I unpack my new sprayer and assemble it according to the diagrams that were packed with it. I take out the insecticide. The bottle is labeled “For Pest Control Operators and Commercial Use Only”. “This morning I am a Pest Control Operator”, I think to myself. I read the many-paged label tucked away under a piece of tape on the front of the bottle. Carpenter ants need the maximum dose: 16 milliliters per gallon of water (it strikes me now that mixing metric with standard measurements is kind of an odd thing to do).
Through the whole cabin, I vacuum the corners where floor meets wall, open up all the windows, mix myself a gallon of insecticide, tie a rag around my nose and mouth, then go to work, flushing every nook and cranny with my mixture, knowing I’m using only the best insecticide available (according to the man who sold it to me, whom I do not know but whom I trust implicitly because he wore overalls). Now I’m done with the inside.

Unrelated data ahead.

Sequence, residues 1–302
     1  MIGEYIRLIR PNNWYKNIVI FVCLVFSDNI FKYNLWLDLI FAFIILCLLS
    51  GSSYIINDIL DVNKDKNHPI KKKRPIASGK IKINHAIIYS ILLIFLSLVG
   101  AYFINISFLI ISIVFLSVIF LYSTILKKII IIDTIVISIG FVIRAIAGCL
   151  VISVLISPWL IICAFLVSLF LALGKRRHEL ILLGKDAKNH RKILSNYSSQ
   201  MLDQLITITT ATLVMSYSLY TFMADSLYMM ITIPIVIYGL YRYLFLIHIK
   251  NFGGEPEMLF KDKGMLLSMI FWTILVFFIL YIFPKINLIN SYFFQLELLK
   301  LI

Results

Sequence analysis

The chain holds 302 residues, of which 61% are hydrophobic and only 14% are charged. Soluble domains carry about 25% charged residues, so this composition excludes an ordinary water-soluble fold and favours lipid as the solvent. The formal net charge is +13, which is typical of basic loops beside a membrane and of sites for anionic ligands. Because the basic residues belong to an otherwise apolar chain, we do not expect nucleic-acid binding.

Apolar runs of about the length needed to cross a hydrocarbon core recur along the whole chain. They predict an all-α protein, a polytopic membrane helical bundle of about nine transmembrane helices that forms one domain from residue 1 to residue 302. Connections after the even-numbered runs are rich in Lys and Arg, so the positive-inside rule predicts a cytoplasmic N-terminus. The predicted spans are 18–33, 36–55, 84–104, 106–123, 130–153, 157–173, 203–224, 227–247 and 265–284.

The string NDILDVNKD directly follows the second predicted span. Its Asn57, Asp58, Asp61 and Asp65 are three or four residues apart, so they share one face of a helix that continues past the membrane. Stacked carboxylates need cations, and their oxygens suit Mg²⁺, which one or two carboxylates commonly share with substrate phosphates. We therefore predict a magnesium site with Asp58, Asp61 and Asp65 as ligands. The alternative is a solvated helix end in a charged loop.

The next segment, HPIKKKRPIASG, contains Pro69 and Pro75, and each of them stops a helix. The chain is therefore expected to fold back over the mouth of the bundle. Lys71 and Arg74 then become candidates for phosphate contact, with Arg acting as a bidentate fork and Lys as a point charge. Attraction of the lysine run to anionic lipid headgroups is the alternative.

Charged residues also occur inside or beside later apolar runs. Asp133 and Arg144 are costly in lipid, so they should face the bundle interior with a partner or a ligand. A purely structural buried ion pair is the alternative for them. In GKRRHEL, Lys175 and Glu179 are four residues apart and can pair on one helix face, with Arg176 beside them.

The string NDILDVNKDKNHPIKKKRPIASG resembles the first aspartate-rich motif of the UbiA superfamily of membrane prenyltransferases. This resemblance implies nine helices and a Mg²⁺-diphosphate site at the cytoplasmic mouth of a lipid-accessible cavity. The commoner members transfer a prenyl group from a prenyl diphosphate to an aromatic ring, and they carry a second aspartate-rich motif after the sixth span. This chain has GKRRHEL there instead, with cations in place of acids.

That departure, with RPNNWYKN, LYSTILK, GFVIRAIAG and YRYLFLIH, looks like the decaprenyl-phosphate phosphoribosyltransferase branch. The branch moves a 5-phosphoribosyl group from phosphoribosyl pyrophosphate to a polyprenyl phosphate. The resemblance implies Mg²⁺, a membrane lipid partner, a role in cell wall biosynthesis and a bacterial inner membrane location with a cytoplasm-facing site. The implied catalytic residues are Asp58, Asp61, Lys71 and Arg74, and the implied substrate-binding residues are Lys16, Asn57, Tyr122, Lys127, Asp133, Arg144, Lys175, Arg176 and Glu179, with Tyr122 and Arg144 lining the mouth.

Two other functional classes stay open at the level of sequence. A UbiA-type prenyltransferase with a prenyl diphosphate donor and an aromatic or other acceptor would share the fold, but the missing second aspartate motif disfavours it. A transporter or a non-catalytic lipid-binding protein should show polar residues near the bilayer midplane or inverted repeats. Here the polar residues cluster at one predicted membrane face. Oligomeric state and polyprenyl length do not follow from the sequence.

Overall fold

I mix up another batch for the outside. I spray the bottom 2 feet or so of the outside wall of the cabin. I spray the pilasters supporting the cabin where my brother and I saw a long chain of ants climbing up in the spring, disappearing into crevasses and secret entrances to the cabin. All contact points with the ground are sprayed. All support beams under the cabin—anything I can see where an ant might climb or hide gets a squirt of powerful goodness. I am the mighty Goliath against all insects here.
Ashton has been waiting patiently downstairs, then outside, while I spray. When it’s time to clean the sprayer, we go to the hose on the west side and rinse it three or four times. Ashton wants to use the nozzle on it, so I let him take it while I finish tidying up inside and closing the windows.